Telling the Good News Stories about Development

02/07/2013 at 1:49 pm 1 comment

In September this year, the international community meets in New York once more, to “take stock” of the progress towards the world’s anti-poverty goals.

The “Millennium Development Goals” are set to be reached by 2015, and the good news is that the world has made great progress towards their achievement.

Yet, you could be forgiven for not having noticed. For “good news” often does not make it to the news headlines. After all, the media have a natural bias towards the sudden and the dramatic. The slow improvement in living conditions, the gradual increase in school enrolment rates and the steady progress towards the goal to reduce extreme poverty are simply too protracted to make for good media stories.

We are hoping to address this, by highlighting stories of change that illustrate the giant progress that we are making (see this new UN report). In the midst of a crisis in Ireland, it is easy to overlook one of the great untold stories of our time: The world has witnessed greater absolute improvements in health, wealth, and education in the past decade than in any comparable period in human history.

It may not look like that, as too often media and NGO reports highlight the many problems in developing countries, but the overall story of “global development” is a positive one.

  • 2.1 billion people have gained access to safe drinking water;
  • More than 200 million people no longer live in slums.
  • Impressive progress has been achieved in the fight against malaria and tuberculosis;
  • The proportion of the world’s people living in extreme poverty has halved.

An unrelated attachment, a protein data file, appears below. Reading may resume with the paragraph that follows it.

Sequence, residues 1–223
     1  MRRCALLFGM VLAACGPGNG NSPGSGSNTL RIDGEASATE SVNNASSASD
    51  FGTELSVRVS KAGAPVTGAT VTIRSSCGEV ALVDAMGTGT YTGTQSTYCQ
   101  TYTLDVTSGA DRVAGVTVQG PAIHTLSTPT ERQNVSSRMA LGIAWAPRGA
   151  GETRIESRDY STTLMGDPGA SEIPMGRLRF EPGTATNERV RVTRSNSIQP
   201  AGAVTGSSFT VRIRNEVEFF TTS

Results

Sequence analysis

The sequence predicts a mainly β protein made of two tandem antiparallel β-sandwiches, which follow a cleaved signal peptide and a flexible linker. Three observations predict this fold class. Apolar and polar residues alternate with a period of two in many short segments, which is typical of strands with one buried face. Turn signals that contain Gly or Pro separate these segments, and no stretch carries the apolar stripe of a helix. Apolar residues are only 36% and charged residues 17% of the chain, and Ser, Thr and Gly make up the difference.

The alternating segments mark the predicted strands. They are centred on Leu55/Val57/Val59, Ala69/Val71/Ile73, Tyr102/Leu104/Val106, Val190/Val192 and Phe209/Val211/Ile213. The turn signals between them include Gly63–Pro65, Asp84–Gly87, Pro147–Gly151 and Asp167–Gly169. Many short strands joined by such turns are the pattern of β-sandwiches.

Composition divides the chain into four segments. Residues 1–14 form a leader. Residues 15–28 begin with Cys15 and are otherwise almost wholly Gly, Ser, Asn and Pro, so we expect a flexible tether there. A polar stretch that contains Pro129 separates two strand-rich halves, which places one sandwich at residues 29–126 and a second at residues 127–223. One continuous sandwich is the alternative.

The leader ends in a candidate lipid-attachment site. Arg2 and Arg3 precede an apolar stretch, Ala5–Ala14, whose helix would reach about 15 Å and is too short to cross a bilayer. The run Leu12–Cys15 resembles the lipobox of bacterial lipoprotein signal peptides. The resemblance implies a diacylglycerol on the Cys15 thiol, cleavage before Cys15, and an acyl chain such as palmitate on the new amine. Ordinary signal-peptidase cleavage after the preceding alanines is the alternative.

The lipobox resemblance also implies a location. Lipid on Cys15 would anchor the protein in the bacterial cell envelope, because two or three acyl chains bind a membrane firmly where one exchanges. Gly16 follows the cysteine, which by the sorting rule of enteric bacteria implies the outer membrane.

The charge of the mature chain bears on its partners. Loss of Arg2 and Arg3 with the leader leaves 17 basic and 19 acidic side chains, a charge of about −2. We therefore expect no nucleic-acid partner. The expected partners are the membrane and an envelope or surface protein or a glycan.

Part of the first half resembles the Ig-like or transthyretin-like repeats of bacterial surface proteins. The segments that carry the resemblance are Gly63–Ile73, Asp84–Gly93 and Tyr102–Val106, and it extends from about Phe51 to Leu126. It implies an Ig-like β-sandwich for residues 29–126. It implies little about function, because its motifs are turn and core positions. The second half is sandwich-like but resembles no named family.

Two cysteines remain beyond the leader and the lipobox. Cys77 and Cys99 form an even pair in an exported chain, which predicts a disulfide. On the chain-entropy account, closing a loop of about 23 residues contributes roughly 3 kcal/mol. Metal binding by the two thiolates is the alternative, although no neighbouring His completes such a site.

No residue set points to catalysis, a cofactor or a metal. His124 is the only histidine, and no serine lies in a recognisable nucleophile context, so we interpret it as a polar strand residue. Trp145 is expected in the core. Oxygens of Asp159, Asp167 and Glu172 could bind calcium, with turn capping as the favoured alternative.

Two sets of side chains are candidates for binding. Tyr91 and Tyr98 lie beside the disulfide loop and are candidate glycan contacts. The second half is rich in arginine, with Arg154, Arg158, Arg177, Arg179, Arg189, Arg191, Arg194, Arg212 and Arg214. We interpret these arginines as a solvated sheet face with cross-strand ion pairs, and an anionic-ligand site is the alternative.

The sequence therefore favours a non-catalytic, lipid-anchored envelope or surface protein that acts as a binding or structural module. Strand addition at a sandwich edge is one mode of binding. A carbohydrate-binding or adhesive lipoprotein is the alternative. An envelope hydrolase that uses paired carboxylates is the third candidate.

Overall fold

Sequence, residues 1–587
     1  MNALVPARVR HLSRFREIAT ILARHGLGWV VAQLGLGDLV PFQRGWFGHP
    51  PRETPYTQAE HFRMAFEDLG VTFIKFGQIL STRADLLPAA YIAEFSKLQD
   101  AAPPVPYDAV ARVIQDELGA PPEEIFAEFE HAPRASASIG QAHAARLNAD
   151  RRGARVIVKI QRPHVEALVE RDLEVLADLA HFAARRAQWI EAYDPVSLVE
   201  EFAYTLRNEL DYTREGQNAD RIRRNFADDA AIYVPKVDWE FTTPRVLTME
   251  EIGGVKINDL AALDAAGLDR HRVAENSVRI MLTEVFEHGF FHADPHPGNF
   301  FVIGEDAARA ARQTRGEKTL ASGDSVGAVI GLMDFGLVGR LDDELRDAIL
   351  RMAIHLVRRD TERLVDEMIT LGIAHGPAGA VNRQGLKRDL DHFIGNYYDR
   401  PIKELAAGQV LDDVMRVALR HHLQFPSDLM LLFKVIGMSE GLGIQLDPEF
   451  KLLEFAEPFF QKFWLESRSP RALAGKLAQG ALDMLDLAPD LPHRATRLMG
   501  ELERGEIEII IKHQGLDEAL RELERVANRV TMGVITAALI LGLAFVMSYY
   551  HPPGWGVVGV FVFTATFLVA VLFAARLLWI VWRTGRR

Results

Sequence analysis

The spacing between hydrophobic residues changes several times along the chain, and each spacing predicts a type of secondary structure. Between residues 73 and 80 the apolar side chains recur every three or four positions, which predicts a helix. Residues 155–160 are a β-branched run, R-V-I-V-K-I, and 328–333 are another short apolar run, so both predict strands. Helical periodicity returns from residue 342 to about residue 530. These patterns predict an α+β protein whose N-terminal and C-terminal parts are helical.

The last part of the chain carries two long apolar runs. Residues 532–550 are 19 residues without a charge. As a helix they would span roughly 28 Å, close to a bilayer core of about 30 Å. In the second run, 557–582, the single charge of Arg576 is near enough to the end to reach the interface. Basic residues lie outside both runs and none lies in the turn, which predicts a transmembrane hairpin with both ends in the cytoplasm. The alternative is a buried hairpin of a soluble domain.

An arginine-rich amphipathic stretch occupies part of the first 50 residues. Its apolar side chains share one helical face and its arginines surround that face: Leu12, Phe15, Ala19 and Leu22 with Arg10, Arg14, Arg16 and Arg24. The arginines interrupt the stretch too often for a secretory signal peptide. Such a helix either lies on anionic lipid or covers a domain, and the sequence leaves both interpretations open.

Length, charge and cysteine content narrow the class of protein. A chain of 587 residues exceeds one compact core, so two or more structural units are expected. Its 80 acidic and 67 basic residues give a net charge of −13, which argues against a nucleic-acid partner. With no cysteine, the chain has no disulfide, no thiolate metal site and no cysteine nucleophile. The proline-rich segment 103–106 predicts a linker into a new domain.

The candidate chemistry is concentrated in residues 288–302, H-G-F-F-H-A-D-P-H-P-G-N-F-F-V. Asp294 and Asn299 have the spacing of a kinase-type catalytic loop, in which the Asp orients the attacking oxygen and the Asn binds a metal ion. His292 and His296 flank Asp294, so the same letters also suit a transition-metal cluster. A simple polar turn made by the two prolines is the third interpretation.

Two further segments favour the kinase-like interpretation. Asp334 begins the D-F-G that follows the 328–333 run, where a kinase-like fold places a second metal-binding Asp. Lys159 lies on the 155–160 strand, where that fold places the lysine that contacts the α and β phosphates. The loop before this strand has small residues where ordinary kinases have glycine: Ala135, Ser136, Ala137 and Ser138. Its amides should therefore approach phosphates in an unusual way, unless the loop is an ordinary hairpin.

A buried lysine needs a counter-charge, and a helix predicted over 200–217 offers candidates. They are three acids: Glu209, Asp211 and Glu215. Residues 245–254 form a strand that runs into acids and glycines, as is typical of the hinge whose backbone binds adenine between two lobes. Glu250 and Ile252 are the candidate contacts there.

This new Facebook page wants to show us the good news stories. The stories posted here, and the statistics produced by the UN, show clearly that we CAN eliminate poverty.

And this phenomenal progress should encourage us to tackle the remaining challenges.

With less than 1,000 days to go to the date that the MDGs are to be achieved, significant challenges remain. One if every 8 people on the planet still go to bed hungry. Too many women die in childbirth, and 2.5 billion people have no access to clean water and sanitation. Global resources are running out, and everywhere people are increasingly confronted with the effects of climate change.

We still have a long way to go. But we are making progress. We know that we can eliminate poverty.

Listen to:

Further reading:

More resources on Communicating Global Development available here

Entry filed under: MDGs. Tags: , , , , , , , , , , , , , , , , , , , , , , , , , , , .

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The World's Best News - images

One of the most important graphs. Ever.
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